7 Tips For Keeping Harmony In Your Relationship If One Spouse Retires First – Entrepreneur
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Retirement looks pretty distant when you start your career until it’s suddenly around the corner. Dedicating more than half of your life doing your dream job, pursuing your passion, or…
Retirement looks pretty distant when you start your career until it’s suddenly around the corner. Dedicating more than half of your life doing your dream job, pursuing your passion, or just working to sustain your daily needs, it is not easy to turn off the ignition and hand over the key to someone younger.
Well, some may object to the previous statement and would happily and gracefully make their exit. But the same question follows in either case. What happens next? And oh, an even bigger question. Are you and your spouse ready for it?
Retirement is a period of adjustment, but the bills will keep coming. Opportunities may still come knocking at your door, and the uppermost portion of Abraham Maslow’s pyramid will probably still be waving, your self-actualization waiting to be fulfilled. However, it’s not only the new retiree who has to adjust.
When one spouse or partner retires before the other, both must work together to adjust to the retiree’s new rhythm. Otherwise, it’ll put an unnecessary amount of strain on the relationship. In this post, I’ll share seven tips for getting into the same rhythm when you or your spouse decide to retire first.
You might think this is a no-brainer, “retirement naturally comes. There’s no need to plan it.” Others may say, “Who doesn’t plan for their retirement?”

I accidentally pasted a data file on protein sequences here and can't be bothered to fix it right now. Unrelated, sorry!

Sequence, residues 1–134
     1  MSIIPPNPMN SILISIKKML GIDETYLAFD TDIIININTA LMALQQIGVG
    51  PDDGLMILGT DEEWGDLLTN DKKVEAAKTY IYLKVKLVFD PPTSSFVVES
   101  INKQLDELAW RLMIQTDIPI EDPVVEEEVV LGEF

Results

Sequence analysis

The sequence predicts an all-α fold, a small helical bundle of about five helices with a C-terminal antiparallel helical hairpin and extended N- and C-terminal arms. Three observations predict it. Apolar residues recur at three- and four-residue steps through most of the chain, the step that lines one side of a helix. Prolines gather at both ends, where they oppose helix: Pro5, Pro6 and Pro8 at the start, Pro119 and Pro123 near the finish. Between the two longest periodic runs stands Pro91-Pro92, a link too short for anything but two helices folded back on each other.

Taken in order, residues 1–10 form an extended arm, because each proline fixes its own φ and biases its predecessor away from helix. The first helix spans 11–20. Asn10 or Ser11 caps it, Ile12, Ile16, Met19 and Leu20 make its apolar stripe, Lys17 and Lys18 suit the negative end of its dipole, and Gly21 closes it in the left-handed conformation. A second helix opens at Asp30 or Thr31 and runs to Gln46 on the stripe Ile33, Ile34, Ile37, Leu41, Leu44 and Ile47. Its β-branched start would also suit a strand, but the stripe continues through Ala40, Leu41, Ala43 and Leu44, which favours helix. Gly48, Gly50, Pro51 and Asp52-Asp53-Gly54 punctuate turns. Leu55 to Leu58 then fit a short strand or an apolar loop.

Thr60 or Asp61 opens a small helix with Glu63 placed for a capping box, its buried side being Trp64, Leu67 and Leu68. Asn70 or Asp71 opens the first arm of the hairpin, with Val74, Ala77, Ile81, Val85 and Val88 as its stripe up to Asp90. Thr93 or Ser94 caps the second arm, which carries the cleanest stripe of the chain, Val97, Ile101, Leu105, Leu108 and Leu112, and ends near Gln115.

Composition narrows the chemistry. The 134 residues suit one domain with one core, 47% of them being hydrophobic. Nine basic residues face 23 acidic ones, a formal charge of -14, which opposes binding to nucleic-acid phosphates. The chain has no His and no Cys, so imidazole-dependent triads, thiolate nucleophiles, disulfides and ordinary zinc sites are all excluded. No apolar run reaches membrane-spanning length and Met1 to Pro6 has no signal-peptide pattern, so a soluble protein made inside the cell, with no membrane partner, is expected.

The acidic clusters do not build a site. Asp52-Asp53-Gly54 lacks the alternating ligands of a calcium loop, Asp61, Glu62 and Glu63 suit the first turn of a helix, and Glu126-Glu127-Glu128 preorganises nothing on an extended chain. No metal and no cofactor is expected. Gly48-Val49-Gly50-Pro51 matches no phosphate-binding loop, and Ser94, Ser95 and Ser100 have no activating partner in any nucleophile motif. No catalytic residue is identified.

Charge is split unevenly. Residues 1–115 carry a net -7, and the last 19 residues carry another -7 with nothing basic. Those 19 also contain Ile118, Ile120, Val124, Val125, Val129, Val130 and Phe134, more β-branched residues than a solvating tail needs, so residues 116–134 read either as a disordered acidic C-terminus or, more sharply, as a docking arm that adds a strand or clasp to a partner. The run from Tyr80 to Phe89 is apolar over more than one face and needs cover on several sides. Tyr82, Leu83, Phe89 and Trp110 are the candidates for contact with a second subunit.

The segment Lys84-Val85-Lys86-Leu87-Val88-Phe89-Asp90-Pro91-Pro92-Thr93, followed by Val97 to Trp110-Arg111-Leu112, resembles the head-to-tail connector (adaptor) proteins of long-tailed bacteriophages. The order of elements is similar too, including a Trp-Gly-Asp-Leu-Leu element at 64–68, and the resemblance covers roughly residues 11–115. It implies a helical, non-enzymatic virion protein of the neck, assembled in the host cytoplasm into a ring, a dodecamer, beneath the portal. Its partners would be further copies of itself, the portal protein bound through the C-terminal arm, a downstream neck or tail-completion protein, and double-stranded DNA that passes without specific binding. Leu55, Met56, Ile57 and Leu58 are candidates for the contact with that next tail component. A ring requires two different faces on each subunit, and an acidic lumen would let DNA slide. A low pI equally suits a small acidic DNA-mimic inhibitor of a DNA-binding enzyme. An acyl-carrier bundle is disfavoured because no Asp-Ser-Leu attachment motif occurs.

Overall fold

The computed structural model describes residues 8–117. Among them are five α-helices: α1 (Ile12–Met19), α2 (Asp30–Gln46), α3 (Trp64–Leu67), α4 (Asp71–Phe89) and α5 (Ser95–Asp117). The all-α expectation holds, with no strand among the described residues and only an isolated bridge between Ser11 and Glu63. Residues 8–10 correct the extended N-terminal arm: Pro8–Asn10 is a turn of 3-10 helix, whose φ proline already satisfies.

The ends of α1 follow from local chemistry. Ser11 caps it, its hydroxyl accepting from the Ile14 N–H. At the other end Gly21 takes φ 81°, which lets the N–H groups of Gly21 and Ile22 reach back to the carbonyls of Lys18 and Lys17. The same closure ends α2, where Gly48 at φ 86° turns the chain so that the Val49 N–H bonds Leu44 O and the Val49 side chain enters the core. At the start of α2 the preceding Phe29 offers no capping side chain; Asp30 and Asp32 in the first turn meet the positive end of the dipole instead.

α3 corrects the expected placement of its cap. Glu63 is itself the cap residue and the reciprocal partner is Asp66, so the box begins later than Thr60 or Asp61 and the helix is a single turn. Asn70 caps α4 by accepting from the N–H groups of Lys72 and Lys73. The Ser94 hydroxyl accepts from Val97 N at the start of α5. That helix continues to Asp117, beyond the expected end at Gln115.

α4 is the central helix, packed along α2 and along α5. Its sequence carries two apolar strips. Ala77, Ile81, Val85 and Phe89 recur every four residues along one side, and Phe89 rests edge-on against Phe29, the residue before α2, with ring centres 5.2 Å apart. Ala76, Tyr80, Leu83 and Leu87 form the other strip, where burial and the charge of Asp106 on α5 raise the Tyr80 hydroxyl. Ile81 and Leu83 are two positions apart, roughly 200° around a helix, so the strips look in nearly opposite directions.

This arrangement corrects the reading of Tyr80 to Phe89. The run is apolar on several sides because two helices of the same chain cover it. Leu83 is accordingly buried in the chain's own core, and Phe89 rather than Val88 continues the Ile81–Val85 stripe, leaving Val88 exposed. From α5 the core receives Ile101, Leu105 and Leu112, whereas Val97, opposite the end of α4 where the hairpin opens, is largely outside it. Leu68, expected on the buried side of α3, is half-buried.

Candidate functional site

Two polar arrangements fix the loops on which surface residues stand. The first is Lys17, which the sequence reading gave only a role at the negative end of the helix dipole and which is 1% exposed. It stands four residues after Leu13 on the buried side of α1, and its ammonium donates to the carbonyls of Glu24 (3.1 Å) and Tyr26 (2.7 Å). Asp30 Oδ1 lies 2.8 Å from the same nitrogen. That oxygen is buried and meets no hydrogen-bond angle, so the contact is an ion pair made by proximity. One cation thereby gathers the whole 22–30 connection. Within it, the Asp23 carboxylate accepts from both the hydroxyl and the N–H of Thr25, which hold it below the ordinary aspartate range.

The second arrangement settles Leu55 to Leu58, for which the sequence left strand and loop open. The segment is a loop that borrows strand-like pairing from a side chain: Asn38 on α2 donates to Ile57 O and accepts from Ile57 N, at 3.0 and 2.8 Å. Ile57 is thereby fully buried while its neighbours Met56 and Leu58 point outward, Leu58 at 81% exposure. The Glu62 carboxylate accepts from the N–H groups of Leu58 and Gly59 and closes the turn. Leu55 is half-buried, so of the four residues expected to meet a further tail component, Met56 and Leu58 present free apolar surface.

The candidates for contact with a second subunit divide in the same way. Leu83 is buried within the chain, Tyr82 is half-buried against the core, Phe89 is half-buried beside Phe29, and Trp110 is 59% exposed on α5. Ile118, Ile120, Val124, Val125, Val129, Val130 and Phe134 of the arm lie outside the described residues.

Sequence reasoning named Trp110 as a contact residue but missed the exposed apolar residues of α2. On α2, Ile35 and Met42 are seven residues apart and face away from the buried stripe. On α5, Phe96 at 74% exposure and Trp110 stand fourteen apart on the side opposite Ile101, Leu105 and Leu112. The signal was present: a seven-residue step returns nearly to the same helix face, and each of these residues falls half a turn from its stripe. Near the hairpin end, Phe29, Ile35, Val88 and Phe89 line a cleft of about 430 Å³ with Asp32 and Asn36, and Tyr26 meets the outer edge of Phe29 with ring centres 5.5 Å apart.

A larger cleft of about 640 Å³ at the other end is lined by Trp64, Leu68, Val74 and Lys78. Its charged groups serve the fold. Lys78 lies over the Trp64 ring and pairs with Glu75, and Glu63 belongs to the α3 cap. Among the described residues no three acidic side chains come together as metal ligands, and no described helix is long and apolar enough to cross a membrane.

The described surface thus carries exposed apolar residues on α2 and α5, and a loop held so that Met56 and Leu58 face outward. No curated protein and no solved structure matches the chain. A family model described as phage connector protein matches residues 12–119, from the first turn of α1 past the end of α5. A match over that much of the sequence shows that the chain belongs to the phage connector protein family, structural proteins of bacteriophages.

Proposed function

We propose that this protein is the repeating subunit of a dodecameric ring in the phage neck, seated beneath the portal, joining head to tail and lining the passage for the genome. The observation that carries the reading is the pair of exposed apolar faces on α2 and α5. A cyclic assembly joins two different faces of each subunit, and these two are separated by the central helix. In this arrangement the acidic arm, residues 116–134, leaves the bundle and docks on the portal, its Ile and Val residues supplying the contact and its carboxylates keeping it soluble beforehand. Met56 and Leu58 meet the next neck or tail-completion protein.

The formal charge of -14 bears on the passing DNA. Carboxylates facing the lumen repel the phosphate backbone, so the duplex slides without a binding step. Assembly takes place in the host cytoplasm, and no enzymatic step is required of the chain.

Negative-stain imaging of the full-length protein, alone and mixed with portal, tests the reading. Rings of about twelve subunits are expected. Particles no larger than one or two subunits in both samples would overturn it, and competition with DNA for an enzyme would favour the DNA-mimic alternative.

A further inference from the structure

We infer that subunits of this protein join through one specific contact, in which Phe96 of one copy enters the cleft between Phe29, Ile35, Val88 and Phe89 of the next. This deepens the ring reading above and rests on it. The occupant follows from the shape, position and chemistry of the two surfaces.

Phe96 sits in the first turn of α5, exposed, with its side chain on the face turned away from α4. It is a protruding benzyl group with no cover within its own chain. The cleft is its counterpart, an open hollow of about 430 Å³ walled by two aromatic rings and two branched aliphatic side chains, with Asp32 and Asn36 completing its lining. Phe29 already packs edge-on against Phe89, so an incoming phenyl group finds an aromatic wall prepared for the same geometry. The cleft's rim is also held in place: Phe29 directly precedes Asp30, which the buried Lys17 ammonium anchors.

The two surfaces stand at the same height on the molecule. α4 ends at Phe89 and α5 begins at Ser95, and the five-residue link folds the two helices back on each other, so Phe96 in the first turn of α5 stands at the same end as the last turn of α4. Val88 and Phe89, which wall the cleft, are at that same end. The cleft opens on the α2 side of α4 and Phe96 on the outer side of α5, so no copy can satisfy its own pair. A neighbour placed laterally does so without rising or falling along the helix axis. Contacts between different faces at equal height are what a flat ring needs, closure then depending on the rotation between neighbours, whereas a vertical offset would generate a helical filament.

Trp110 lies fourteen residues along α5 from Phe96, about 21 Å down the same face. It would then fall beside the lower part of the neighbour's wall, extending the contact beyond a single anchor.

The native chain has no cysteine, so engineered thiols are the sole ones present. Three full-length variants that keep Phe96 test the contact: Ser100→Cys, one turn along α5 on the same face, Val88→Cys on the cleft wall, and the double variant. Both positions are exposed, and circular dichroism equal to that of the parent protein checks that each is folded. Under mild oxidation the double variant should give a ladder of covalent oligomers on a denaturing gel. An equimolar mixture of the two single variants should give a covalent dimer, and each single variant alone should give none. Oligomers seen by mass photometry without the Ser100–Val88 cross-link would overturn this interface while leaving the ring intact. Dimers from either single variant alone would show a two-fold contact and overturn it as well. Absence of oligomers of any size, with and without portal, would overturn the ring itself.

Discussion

Good for you if you’re in the latter group. However, even though they know they should plan for it, some wake up one day and find themselves a few months or a few decisions away from retirement.
So even before either of you reach the age eligible for early retirement, hand your partner a steaming cup of coffee and lay down each one’s expectations for when the time to retire comes.
You may consider the maturity of your mortgage, the completeness of a project that you have been working on, or the age you intend to retire before tendering your notice of retirement. There is no such thing as premature plans regarding preparing for a future that affects both your lives.
If you’re retiring first, discuss with your spouse their expectations. Be clear on what they expect from you and what you expect from them. And work on those expectations to plan for the future. It’s essential to manage your expectations through planning; this means preparing emotionally, physically, and financially. Timing may not be everything, but it helps things to settle down.
Your finances take the most significant hit upon retirement. Your income changes and the status of your finances largely influence your subsequent plans and decisions.
Assessing your finances means answering questions like, do you have enough buffer funds to explore other possibilities and interests? The answer determines your next steps as a retiree.
Basic economics tells us that we should manage scarce resources. Your spouse’s income remains constant. However, your pension and other retirement benefits may not be enough to supplant the foregone income attached to your previous position. While some think they can cover the difference by getting a new instant approval credit card when financial problems arise, this is no smart move. You’ll be forced to carry a balance every month, so you’ll be plugging one whole in your finances but opening a new, bigger one because of interest.